Financial markets were slammed after China moved to impose a new national security law to tighten its grip on Hong Kong, which investors feel would jeopardize its status as a global financial center.
The US State Department has warned China this would imperil Hong Kong’s special status under US laws and US senators are seeking sanctions on China for impinging on Hong Kong’s independence.
Details of China’s move to amend Hong Kong’s security will be disclosed at the National People’s Congress, which has the introduction of security laws for Hong Kong on its agenda.
China opened the NPC, its annual parliamentary gathering, on Friday. Premier Li Keqiang told delegates there was a need to strengthen Hong Kong’s national security laws. In his speech, Li also abandoned setting any GDP target for economic growth for 2020 on account of the great economic uncertainty.
Louis Kuijs of Oxford Economics said: “The absence of a GDP growth target for this year confirms that, as we expected, policymakers accept that, after the plunge in Q1, economic growth will be low for 2020 as a whole even with a significant sequential recovery in Q2-Q4.”
“The low growth ambitions for this year reflect the fact that a big stimulus package remains unpopular in Beijing amid concerns about excessive leverage and financial instability. Nonetheless, the sizeable overall fiscal deficit target indicates significant policy support for the domestic recovery that we expect to continue despite the challenging external background. We expect year-on-year GDP growth to average 4% in H2.”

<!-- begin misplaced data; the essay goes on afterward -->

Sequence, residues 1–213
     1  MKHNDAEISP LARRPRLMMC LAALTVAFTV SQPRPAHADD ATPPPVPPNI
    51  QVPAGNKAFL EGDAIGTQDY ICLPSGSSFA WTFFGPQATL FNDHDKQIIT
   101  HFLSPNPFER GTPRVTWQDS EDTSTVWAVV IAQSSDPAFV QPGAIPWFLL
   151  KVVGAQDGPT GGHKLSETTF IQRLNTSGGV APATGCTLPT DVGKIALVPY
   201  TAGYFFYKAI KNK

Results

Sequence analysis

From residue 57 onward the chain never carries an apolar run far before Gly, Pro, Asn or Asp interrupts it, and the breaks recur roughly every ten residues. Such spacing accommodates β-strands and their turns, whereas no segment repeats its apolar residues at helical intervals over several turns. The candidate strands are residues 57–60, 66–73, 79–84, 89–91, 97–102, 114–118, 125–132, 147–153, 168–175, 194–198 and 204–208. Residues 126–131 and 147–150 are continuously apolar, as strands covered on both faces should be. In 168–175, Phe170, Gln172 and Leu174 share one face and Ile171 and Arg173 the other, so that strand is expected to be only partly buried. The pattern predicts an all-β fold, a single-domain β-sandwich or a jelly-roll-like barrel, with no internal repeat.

Hang Seng down 4%
Hong Kong led the region lower with the benchmark Hang Seng index tumbling 4%. Australia’s S&P ASX 200 index is down 0.4% and the Korean bellwether Kospi is off 1.12%.
Japan’s Nikkei 225 index was also down 0.44% after the Bank of Japan launched a new lending facility to support bank lending to small businesses, after leaving benchmark rates unchanged, as expected.
Marcel Thieliant, Senior Japan Economist at Capital Economics, said he expected the BOJ to keep both its policy rate as well as its target for 10-year government bonds unchanged for the foreseeable future, as it has indicated cutting policy rates could squeeze bank profitability at a time when banks have to grapple with rising loan losses.
“Together with the Bank’s additional 15 trillion yen in corporate bonds and commercial paper purchases, the lending facility announced today lifts the total support for corporate funding from the central bank to a sizeable 70 trillion yen, equivalent to 12% of the debt of non-financial firms. That amount is well above the support provided during the global financial crisis and the Great East Japan Earthquake and we suspect it will be sufficient to prevent widespread bankruptcies,” he said.
Overnight, Wall Street ended on a weak note with the S&P 500 falling 0.78%, Dow Jones Industrial Average slipping 0.41% and the Nasdaq Composite declining 0.97%.
Credit markets are in a risk-off mode with the Asia IG Index wider by 1 basis point at 106/107 bps. And China’s CDS was the regional under-performer with the 5-year contract wider by 2-1/2 basis points ay 49/50 bps.
This report appeared first on Asia Times Financial